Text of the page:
It’s been a long three years, but the finished Blue Ridge Heritage Project memorial is in sight in Stanardsville. This Saturday, July 6, the committee will unveil and dedicate the six panels telling the history of the Greene County families displaced when the government created Shenandoah National Park in the 1930s.
The event will coincide with the soft opening of the Greene County Farmers Market Pavilion at Greene Commons behind the county administration building. The Greene County Memorial is the eastern gateway to the new Greene Commons park.
A crew placed the six storytelling panels in on June 27 and 28 in front of the memorial chimney with the names of the displaced families. This is almost three years to the day the committee presented the project to the Greene County Board of Supervisors on June 20, 2016, asking for permission to place the memorial on land next the county administration building.
“I signed on for one year,” laughed Norm Addington, who has led the project in Greene County since the start.
The stone chimney with the 69 surnames of displaced families was completed in September 2017 and dedicated in front of more than 100 people on Oct. 29, 2017, as torrential rains fell.
The interpretive panels to be unveiled to the public this Saturday tell the families’ stories including: displaced families; churches; schools; mountain homes; livelihoods; and cemeteries.
Additional vertical panels will be constructed opposite the chimney will a map of Greene County with the park boundary outlined to show how much land was taken and a narrative to explain the Blue Ridge Heritage Project as a whole. People were displaced in eight counties to create the park: Greene; Madison; Albemarle; Augusta; Rockingham; Page; Rappahannock; and Warren. Each memorial includes a stone chimney with the family names affixed.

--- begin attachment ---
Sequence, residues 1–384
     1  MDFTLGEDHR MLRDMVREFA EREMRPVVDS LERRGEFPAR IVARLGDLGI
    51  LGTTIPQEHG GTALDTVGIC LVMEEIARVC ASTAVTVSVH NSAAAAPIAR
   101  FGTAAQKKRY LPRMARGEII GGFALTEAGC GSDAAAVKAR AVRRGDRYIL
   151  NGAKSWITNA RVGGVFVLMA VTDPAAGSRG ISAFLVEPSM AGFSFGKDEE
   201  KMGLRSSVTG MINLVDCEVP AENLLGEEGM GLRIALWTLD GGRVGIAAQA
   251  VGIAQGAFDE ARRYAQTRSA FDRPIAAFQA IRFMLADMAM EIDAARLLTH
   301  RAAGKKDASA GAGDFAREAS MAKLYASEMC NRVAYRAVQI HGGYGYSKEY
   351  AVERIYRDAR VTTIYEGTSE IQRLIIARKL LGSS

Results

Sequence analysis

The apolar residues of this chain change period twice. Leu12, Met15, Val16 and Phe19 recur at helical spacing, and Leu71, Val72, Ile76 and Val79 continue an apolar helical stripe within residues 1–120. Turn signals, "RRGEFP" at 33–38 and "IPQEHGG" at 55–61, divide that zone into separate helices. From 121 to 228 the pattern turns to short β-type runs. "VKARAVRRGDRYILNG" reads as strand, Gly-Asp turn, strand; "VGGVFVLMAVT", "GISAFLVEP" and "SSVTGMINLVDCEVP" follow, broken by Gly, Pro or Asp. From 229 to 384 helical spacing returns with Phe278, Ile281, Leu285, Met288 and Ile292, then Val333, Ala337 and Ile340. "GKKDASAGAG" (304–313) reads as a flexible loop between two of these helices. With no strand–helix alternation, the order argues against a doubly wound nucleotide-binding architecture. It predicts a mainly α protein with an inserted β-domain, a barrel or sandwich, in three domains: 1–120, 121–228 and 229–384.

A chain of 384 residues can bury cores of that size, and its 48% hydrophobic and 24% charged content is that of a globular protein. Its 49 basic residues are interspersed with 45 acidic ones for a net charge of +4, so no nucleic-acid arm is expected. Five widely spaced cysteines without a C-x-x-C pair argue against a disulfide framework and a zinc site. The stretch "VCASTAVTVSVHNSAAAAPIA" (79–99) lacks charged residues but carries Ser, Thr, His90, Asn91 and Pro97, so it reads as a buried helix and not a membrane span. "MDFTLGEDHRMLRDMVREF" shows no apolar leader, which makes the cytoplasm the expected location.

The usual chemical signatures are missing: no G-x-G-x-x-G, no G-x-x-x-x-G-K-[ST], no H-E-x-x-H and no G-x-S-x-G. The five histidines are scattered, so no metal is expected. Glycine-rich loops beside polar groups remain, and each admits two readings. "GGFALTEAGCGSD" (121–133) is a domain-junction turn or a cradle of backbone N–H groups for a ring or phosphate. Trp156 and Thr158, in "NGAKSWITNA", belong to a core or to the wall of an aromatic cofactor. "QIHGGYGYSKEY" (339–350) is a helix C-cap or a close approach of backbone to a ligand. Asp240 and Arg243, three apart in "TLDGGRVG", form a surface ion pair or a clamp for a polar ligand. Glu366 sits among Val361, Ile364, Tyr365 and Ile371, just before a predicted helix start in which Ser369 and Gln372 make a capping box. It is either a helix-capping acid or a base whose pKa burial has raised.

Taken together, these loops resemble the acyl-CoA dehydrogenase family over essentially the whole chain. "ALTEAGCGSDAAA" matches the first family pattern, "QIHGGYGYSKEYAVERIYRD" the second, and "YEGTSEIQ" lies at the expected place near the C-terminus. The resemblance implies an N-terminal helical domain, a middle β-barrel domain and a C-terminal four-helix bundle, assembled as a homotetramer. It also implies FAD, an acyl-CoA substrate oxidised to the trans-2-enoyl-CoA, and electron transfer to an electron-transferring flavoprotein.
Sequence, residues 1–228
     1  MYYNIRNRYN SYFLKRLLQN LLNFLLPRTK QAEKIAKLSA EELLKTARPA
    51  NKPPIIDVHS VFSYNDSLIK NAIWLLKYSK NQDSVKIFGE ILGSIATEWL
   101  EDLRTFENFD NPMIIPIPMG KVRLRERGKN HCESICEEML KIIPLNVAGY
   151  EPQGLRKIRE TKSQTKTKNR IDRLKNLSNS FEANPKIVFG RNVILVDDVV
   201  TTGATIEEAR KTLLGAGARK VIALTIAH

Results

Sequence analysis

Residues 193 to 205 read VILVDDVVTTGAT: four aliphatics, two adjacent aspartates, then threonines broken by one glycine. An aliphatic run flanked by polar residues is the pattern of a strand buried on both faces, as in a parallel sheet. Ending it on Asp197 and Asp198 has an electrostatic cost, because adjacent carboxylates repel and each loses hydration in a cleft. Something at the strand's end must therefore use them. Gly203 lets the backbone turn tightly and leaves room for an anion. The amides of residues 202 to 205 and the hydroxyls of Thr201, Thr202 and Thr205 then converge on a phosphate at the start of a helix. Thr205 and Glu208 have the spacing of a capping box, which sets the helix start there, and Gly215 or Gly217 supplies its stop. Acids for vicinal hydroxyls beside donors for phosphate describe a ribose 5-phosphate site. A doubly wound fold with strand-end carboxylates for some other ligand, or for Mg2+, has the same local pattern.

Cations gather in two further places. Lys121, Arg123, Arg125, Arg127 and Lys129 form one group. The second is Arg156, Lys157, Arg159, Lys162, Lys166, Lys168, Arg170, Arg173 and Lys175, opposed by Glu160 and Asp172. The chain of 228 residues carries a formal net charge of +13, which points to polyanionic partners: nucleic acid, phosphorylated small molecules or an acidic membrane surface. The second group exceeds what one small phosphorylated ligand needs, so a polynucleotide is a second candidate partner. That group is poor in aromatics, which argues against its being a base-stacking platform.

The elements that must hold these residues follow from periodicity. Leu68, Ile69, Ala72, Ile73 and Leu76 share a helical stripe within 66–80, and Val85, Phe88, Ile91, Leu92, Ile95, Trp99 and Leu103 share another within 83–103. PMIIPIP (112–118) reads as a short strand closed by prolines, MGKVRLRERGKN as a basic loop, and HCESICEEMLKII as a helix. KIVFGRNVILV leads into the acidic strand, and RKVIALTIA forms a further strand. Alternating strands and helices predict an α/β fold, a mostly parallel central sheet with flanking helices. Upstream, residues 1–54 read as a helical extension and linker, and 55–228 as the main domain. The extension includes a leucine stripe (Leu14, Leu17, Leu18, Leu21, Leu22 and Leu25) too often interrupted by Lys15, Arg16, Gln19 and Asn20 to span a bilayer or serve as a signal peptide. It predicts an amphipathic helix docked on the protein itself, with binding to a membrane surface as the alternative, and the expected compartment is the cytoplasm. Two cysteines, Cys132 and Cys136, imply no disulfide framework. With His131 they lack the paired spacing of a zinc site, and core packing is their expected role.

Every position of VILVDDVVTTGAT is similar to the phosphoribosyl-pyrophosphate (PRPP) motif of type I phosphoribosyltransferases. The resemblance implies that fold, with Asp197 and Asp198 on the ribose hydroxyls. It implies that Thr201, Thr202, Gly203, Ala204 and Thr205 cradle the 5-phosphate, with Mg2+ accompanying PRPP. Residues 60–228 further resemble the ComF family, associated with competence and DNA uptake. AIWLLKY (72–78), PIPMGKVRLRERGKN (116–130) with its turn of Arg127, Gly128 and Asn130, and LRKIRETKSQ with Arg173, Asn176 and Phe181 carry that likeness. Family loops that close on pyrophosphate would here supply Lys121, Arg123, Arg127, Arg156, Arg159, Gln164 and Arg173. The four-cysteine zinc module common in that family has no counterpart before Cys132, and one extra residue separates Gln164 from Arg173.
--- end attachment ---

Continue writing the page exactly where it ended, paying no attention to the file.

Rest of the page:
“The memorial chimney symbolizes the enduring spirit of the mountain people and all that remains of their homes today,” according to the project’s narrative.
A bench will be added between the vertical kiosks as well.
When deciding the topics for the horizontal panels, committee member and descendant of a displaced family Larry Lamb said the photos dictated when to cover a little bit.
There were three schools within the park boundaries: High Top School; Simmons Gap School; and Big Bend School.
“We found a picture of Big Bend,” Addington said. “That school was located right about where there is the big sharp bend on Route 33.”
The kiosk with the project’s narrative will be standard at each memorial site, but Greene County will be the first to have it in place, Addington said.
“It tells the story of Bill Henry and his vision of how we should recognize and honor those displaced,” Addington said. “It tells the story of the sacrifices families were forced to make to create the park.”
Henry had the vision but many signed up to assist including Lamb, Addington and Jim Lawson.